Friday, April 14, 2006

Next, They'll Call Stonehenge A Popular Tourist Trap

We know, we know, the we-assume-nice folks at Amusement Business aren't supposed to know about things besides, well, amusement. And the business thereof.

But this story struck us as rather impressive, containing as it does a rather obvious error that just about any seven-year-old who's visited D.C., or even really read about it, or perhaps seen a Discovery Channel special about it, could point out was wrong. Consider:
The Smithsonian Museum in Washington has announced plans to close its doors Sept. 5 to allow an $85 million renovation to go forward. The attraction will reopen in summer 2008 with a new flag room.
"The Smithsonian Museum"? Huh? Let's do a little activity together. Go to Smithsonian.org. Look over on the right-hand side. You'll see this:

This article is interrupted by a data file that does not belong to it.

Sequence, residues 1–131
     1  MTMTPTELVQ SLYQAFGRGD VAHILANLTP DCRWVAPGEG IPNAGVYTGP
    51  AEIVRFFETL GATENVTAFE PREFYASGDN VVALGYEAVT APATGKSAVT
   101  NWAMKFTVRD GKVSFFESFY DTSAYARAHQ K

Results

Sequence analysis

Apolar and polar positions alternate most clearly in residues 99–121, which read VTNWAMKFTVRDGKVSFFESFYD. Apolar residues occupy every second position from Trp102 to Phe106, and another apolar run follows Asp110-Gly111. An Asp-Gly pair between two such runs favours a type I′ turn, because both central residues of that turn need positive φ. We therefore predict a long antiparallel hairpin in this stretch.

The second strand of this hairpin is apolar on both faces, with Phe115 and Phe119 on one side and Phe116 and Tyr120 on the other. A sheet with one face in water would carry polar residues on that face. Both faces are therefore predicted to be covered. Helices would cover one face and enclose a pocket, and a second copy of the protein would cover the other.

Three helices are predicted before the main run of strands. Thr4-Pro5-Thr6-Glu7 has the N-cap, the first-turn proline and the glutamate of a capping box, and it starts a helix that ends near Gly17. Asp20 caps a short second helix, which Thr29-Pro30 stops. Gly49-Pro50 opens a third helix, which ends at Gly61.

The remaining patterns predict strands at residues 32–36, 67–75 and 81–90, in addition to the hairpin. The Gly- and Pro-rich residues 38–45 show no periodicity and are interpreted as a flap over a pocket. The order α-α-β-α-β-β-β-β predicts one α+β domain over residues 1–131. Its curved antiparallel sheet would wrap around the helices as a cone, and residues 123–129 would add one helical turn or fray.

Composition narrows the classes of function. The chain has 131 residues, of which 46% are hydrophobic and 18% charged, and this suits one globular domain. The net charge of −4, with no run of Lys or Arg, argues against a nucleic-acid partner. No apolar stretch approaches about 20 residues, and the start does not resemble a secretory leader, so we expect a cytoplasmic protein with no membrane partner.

Count 'em up. We see thirteen museums plus a couple of other things (like the zoo). There is no Smithsonian Museum. It's an institution with a whole bunch of 'em. One of those museums will be closing, not the whole thing.

But the other thing we're rather astounded by in the story is the reference to the Smithsonian as an "attraction." Okay, sure, technically speaking it is, since it does attract people. But it seems a bit odd to lump in a top-notch scholarly institution, doing rather important research, with Ripley's Believe it or Not.

So: Congratulations, Amusement Business! You're our Site O' the Weak!

--GP